Unity is such a powerful force. While often tricky to achieve, when it does occur, great things can follow. I witnessed unity firsthand at this year’s AIPAC policy conference. Democrats and Republicans, Jews of all religious streams and many non-Jews gathered together in support of the State of Israel. But amid all the cheers and excitement, there were a number of potentially uncomfortable moments at this conference. I listened to speeches by progressive Jews who espouse a religiously pluralistic agenda for the State of Israel with which I don’t identify. I listened to speeches by Democratic leaders who issued strong remarks against anti-Zionism and anti-semitism in front of a pro-Israel audience but failed to do so in Congress or in front of a general audience after Congresswoman Omar’s anti-Semitic tweets. I also listened to speeches by Republican leaders which contained partisan attacks against a number of Democratic presidential candidates for boycotting this conference when, in fact, it seems that AIPAC only invites presidential candidates to the conference during an election year. A question during a Rabbinic lunch about whether AIPAC can influence Prime Minister Netanyahu to be more sensitive to non-orthodox movements reflected a lack of comfort by many non-orthodox Rabbis about supporting a Jewish state that, according to them, seems to disenfranchise their constituency. We were unified in that 18,000 pro-Israel advocates came together in support of the State of Israel; however, judging by our diverse reactions to the various speakers, I wondered just how united we really were.
But then I realized that there were some basic values that we all shared. Singling out the State of Israel for criticism is anti-Zionism. Anti-Zionism is anti-semitism. Israel needs continued robust financial support for its security. The BDS movement is, at its core, a movement that aims to question the moral legitimacy of the State of Israel and is an anti-Zionist movement. Iran must be stopped from developing a nuclear weapon and sanctions, as opposed to appeasement, is the method to achieve this goal.
Once I realize that we all share these basic values, I find myself in the camp of Rav Soloveitchik who defended the continuing participation of orthodox Rabbis in such bodies as the Synagogue Council of America. In a Yiddish newspaper interview, Rav Soloveitchik said, “When representation of Jews and Jewish interest “klapei chutz” (vis-a-vis the non-Jewish world) are involved, all groups and movements must be united. There can be no divisiveness in this area for any division in the Jewish camp can endanger its entirety…. In the crematoria, the ashes of Hasidim and Anshei Maaseh (pious Jews) were mixed with the ashes of radicals and freethinkers and we must fight against the enemy who does not recognize the difference between one who worships and one who does not.” However, in internal relationships such as education, synagogue and rabbinical organizations, “when the unity must be manifested in a spiritual-ideological meaning as a Torah community, it seems to me that Orthodox cannot and should not join with such groups that deny the foundations of our Weltanschaung.”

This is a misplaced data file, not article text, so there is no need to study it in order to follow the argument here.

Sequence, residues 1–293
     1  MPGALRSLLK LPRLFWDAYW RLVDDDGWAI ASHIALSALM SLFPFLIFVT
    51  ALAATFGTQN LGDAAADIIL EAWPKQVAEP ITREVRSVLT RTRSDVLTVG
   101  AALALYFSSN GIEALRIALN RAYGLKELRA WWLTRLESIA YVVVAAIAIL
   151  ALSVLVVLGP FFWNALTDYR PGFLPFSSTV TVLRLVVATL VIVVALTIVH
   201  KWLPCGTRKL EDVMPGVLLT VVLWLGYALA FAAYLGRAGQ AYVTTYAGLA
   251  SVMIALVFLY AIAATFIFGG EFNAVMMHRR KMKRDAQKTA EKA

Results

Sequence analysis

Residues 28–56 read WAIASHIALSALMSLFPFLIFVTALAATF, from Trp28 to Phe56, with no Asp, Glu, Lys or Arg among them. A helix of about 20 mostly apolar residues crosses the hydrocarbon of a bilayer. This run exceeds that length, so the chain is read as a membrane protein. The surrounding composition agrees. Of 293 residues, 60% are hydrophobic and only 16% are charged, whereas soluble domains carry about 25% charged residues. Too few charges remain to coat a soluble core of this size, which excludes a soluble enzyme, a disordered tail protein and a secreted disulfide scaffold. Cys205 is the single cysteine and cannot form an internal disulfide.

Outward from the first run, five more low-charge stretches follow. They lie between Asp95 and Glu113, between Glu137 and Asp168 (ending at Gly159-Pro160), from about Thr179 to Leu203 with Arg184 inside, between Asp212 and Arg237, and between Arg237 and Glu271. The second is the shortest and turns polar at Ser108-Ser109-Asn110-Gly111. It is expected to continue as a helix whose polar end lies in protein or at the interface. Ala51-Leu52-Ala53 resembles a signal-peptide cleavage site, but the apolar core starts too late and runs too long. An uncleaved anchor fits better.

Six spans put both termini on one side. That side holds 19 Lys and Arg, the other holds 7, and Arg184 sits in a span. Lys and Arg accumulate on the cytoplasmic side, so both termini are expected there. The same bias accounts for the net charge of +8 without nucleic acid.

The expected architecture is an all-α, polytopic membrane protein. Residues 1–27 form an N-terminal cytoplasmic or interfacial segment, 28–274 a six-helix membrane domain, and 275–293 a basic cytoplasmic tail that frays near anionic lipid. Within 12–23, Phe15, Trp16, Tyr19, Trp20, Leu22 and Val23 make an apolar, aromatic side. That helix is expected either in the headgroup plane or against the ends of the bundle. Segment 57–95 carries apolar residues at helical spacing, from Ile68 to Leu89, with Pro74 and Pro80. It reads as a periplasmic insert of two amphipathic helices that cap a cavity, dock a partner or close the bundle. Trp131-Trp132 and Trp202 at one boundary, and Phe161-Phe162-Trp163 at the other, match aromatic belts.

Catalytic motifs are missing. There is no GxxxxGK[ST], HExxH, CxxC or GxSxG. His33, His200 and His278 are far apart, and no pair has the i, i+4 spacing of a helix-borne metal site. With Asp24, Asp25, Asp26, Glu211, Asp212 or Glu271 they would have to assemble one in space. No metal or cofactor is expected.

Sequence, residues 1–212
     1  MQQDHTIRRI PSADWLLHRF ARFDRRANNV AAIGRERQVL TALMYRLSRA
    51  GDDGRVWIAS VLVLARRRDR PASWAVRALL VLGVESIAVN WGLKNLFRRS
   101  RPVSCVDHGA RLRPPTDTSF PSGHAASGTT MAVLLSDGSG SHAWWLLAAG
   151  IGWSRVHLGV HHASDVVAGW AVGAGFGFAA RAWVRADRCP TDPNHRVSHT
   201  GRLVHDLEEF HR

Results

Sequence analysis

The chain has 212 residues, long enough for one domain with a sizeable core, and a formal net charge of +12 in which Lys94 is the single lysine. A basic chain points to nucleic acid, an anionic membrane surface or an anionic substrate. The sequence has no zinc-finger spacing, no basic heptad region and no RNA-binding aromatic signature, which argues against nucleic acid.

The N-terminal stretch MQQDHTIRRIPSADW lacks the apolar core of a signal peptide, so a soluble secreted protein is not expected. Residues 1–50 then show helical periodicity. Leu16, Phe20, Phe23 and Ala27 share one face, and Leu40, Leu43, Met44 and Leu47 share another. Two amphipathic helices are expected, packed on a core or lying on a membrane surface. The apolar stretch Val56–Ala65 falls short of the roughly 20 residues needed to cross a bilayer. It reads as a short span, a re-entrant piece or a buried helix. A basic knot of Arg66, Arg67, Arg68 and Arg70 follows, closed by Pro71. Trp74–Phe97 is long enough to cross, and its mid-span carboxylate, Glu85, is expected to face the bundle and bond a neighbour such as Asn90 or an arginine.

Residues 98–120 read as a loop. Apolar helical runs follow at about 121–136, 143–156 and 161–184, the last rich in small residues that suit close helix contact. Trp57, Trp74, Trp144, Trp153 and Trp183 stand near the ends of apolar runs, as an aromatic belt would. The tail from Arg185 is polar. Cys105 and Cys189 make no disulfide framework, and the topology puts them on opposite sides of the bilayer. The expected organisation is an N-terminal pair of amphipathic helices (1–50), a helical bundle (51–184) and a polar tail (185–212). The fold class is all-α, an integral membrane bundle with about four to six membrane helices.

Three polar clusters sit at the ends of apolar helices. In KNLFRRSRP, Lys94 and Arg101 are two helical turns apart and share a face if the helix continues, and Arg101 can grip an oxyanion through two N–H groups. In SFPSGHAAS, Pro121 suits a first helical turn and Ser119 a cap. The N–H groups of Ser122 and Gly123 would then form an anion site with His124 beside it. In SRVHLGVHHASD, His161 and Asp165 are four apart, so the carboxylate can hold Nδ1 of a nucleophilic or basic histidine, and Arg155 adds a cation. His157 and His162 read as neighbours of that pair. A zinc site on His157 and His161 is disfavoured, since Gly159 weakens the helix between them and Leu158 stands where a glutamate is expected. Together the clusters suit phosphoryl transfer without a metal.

Clearly, the security of the state of Israel, BDS and Iran are all “klapei chutz” issues in which we may participate with others with whom we disagree. And we are stronger and thus more effective if we unite despite our disagreements. As Howard Kohr, CEO of AIPAC, told a group of Rabbis, AIPAC holds itself accountable for what its staff members state. It invites all different types of politicians to speak at the conference, knowing that these politicians may say things that make us feel uncomfortable. We can stand up and applaud if we agree and we can refrain from applauding if we disagree, but we should listen and listen with respect. So, yes, unity is very tricky, but if we are okay with feeling a little uncomfortable at times, then it can be a powerful force. This week in Washington DC, it was a powerful force of 18,000 strong.